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Mimi Yu

By Betsy L. Mead, Contributing Writer

The Signet Society building on 46 Dunster St. seems like the perfect place to conduct an interview with Harvard’s cellist extraordinaire, Mimi Yu ’08. And at 5 p.m., when the Signet’s Friday Tea is in full swing with soft jazz music wafting down the hallway, it’s also the perfect time.

But life at Harvard hasn’t always been so perfect for Yu, who counts an Office For the Arts fellowship for the current year among her many achievements. Yu found it difficult to meld her differing interests together in a coherent way when she first arrived at Harvard.

“When I first entered Harvard I was confused because I found different selves yearning to do more,” she says. “I took an Ec class and found the approach was intuitive. I loved my analytical self. There was the musical self too. And I enjoy poetry that brings out my creative self.”

“I’ve spent four years at Harvard trying to reconcile all my different selves and trying to realize that these could co-exist,” she adds.

Coming to Harvard hasn’t been the only challenge that Yu has faced in her pursuit of music. Having started to learn the piano at age four and the cello at age nine, Yu traveled from Taiwan to the United States at 14 to study at the Cleveland Institute of Music under the tutelage of celebrated cello pedagogue Dr. Richard Aaron.

“It meant leaving my family and traveling all the way here to be by myself to pursue music at a much higher level with him,” Yu says. “I realized that I could not forgo this wonderful opportunity to study music in a much more in-depth way and pursue what I really love.”

Yu’s passion for music is evident in her activities at Harvard. She was a finalist in the 2007 Bach Society Orchestra Concerto Competition, is a current member of the Brattle Street Chamber Players, and participates in three other chamber music groups. But for Yu, what matters as much as the music is the people involved with it.

“I am the kind of person who loves working with people, and I think being in music is that you see such interesting minds at work,” she says.

Yu also draws a distinction between the musical life at Harvard and at a music conservatory. Harvard’s vibrant community, she thinks, makes for a more interesting musical experience.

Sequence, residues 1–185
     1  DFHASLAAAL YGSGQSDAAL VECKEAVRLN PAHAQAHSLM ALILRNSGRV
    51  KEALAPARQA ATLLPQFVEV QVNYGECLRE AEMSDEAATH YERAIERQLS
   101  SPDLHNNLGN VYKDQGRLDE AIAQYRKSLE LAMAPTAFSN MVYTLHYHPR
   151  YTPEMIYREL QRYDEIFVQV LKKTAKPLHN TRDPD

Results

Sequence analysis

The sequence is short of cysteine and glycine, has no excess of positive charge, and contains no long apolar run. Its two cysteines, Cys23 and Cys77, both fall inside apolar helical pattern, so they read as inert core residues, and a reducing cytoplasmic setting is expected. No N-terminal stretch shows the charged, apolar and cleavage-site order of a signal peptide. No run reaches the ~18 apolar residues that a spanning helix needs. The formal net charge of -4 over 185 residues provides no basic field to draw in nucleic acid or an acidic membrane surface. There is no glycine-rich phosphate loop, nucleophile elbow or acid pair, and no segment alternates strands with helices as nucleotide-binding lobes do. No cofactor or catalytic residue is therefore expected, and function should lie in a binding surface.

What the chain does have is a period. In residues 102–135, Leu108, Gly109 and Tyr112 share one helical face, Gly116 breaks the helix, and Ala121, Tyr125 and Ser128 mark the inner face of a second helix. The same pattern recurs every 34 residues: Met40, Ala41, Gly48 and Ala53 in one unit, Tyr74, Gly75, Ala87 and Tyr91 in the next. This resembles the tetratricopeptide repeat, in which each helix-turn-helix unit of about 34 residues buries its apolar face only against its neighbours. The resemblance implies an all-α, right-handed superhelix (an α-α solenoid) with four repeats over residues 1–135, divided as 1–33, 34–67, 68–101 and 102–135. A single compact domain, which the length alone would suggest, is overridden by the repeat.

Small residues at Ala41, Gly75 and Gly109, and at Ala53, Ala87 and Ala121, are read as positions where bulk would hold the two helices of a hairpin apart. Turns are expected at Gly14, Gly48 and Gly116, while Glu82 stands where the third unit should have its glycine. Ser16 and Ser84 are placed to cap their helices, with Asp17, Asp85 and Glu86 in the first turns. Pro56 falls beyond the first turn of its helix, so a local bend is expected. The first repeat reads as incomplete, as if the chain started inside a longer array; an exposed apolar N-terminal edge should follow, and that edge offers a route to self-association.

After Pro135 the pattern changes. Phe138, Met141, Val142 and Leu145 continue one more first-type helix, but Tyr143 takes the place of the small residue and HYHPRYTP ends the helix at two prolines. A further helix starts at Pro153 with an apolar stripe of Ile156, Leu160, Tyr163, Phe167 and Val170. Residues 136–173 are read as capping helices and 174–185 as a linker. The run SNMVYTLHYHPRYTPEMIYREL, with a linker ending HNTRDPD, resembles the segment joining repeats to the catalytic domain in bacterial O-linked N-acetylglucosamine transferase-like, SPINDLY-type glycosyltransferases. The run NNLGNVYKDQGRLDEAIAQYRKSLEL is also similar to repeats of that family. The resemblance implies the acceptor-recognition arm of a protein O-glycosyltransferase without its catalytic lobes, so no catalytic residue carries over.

“When you’re in a conservatory it tends to be quite one-dimensional because people are very focused on technique and want to win competitions,” she says. “But here at Harvard everyone has some other interests, so you don’t play to win this audition or to impress certain people—and that’s one of the most important things...that we need to keep and pass on to all the musicians coming up.”

And it wasn’t only the diversity of the students that was striking to Harvard’s extremely talented cellist when she arrived here; the skills of Harvard musicians struck her profoundly.

“When I got to Harvard, the talent and education I saw in my colleagues was just incredible. And I’ve been fortunate enough to work with some of the most talented musicians—not only at Harvard, but compared to music conservatories. They are top notch players.”

This is high praise from an individual with a Cello Masters scholarship to Julliard who has worked with such famous musicians as Ethzak Perlman, Yo-Yo Ma ’76, and Harvard professor Robert Levin.

Yu says that she has had wonderful encounters with all of these artists, highlighting time spent with Ma’s Silk Road Ensemble as one of her most influential experiences.

“Everyone was so friendly and so interested in what you have to say as a musician, and so passionate about bringing different kinds of music together—celebrating the western traditions versus the eastern traditions,” she says. “And this performance was one of the most inspiring musical experiences I’ve ever had.”

But in spite of all her stellar achievements, Yu believes that the greatest pleasure in music is that which she can bring to her listeners.

“Everyday when I go practice and perform, I realize when people come up to me afterwards that the mission as a musician is so fulfilling that all the pains really disappear during the performance,” she says. “And you realize how fortunate you are to bring music to the world and to other people’s existence.”

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